To say that she was the “wind beneath my wings” would be an understatement. Almost an insult.
While I was the young wannabe “pillar of the community” running a local radio station, traveling around the world with musicians, and serving on a variety of boards, committees and commissions, someone had to keep the home fires burning. Our four wonderful kids and our nine delightful grandchildren are a testament to Marcia’s incredible parenting skills.
Once the kids started growing up and the radio stations were history, Marcia Tjapkes sprouted her own wings. A registered nurse with innate medical skills, she went on to become one of the early certified hospice nurses in our county. She was a natural for that position, and for years provided compassion and assistance to men and women, along with their loved ones, in the final chapters of their lives.
After that she obtained another certification and became the first Parish Nurse in her church. Having earlier served as the church’s first female elder, she was well aware of the many ways a Parish Nurse could be of invaluable assistance.
While the late Maurice Carter gets the credit for the idea, and while I get the credit for its founding, I think it’s safe to say that there wouldn’t be a HUMANITY FOR PRISONERS had it not been for Marcia’s perceptive medical skills. She arguably saved Maurice’s life while he was still in prison.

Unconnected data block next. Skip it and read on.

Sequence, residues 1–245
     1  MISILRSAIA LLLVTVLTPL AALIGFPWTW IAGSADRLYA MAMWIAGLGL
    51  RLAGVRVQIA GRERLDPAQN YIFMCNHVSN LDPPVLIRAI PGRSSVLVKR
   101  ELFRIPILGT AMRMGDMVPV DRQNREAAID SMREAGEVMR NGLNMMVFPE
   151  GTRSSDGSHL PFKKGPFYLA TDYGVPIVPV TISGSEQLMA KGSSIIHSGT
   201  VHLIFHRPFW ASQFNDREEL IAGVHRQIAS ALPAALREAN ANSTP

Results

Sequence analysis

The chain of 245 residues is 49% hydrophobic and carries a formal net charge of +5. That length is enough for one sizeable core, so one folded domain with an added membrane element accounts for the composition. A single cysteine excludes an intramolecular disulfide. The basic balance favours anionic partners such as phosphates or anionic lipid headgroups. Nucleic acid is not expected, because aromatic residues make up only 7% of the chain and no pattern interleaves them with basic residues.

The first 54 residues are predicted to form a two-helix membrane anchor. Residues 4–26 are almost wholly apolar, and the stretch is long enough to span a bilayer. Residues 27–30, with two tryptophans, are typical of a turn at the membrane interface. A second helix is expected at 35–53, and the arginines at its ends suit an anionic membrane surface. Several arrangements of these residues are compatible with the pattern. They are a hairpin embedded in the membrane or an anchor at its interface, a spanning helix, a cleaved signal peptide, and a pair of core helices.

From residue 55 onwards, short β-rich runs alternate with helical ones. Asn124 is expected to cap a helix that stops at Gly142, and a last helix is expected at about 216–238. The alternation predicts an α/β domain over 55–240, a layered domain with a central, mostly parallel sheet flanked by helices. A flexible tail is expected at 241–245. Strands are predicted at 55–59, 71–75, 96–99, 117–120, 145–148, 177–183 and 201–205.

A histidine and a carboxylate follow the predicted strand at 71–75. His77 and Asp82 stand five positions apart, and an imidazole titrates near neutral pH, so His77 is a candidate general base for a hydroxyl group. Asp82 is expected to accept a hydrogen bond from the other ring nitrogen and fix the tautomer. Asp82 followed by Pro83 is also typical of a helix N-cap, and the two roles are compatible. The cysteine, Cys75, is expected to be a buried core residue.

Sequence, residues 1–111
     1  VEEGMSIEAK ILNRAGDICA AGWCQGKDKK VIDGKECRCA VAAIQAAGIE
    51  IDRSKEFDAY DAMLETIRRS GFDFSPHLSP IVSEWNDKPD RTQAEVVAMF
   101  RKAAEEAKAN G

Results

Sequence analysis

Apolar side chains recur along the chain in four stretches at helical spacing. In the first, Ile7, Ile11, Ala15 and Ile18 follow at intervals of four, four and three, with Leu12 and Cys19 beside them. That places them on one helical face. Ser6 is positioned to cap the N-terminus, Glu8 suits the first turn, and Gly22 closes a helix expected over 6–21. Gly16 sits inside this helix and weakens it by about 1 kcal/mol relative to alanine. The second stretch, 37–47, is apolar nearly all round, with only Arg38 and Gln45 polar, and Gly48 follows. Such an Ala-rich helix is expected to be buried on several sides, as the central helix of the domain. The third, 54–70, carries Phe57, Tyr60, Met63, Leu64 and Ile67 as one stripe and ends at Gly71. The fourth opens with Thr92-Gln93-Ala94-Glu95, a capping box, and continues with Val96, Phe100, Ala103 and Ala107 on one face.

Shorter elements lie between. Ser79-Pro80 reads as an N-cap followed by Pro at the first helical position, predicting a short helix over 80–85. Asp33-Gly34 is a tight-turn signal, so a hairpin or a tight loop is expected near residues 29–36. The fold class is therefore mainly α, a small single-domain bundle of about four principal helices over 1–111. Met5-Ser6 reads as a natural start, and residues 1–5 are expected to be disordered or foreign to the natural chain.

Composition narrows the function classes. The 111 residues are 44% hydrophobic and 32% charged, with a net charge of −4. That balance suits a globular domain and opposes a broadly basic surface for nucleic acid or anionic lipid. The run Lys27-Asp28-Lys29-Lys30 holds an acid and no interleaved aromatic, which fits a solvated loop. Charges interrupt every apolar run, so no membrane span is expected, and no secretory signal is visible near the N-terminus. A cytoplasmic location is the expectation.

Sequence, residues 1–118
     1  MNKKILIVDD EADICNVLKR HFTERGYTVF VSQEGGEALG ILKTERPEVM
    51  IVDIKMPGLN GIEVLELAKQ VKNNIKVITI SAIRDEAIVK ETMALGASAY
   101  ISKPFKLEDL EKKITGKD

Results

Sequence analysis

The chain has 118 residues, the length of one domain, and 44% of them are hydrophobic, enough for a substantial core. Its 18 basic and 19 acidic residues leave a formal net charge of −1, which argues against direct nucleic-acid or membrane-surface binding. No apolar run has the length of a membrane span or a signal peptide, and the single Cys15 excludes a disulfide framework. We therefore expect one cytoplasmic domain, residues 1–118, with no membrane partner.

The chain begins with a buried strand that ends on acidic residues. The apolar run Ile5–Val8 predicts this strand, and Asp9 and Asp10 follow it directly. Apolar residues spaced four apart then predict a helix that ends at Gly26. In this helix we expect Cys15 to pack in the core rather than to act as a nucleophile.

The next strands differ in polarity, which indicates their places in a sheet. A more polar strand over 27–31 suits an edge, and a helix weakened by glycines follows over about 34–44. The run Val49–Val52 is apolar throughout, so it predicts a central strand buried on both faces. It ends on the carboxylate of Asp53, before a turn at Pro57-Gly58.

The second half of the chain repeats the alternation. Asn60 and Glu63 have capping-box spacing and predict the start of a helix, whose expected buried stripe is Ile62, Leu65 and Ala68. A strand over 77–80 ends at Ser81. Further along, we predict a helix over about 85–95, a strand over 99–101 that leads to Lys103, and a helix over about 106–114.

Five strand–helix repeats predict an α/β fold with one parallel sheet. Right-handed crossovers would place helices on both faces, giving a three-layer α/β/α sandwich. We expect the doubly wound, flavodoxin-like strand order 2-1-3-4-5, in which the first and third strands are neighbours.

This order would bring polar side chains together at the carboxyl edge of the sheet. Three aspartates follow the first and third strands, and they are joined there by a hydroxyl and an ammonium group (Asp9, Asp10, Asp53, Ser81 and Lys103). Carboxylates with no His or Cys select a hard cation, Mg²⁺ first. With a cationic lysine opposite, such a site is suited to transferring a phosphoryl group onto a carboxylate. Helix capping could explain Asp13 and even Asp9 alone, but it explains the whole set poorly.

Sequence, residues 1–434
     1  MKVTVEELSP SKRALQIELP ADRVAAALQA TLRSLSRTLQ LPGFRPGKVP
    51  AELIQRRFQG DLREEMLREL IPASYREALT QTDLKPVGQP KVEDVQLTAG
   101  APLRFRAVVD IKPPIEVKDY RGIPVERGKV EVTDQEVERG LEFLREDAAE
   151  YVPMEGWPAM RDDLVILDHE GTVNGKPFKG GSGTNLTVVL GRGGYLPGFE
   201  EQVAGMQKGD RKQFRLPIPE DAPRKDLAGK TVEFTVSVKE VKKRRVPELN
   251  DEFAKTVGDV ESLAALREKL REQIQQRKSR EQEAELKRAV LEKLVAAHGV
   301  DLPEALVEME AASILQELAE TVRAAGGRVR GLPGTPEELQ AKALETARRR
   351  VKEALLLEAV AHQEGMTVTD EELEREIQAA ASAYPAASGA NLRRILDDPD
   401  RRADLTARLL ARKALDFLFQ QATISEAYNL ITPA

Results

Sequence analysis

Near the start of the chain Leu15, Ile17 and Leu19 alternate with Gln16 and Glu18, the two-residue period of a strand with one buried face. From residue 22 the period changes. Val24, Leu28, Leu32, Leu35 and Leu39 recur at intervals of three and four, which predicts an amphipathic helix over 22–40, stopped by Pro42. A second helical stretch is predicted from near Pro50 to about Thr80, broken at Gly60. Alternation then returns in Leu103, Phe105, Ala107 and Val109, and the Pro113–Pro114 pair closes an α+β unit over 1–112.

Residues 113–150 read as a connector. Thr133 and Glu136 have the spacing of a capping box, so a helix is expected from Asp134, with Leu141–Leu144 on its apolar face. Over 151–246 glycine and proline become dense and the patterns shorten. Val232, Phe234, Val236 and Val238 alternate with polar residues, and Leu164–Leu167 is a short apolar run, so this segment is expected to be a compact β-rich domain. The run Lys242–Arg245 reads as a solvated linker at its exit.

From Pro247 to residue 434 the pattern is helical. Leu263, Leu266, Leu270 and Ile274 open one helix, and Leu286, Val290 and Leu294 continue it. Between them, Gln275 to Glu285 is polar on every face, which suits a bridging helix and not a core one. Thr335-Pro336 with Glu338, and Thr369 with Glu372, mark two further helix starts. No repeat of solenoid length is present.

Maurice was unaware that he was in the final stages of Hepatitis C...prison doctors never bothered to inform him that he had the disease. Then, one day he had a serious medical emergency in his cell, and his bunkie called our house. Marcia accepted the collect call, and immediately recognized the symptoms. Healthcare had already given Maurice some aspirin and returned him to his cell. Marcia insisted that his roommate get emergency assistance stat. He was taken to the hospital by ambulance, and his life was saved.
Only God knows how many lives she touched in her own quiet way. Family and friends are well aware of how she touched our lives.
The last years of her life became difficult and complicated, as she lost both physical and mental capabilities.
That all ended late Saturday night when the message of Easter was no longer just a beautiful Bible story...it became a reality!
What a life! What a woman! What a wife! What a mother!
RIP, Sweetie. Te Amo! I’ll see you soon.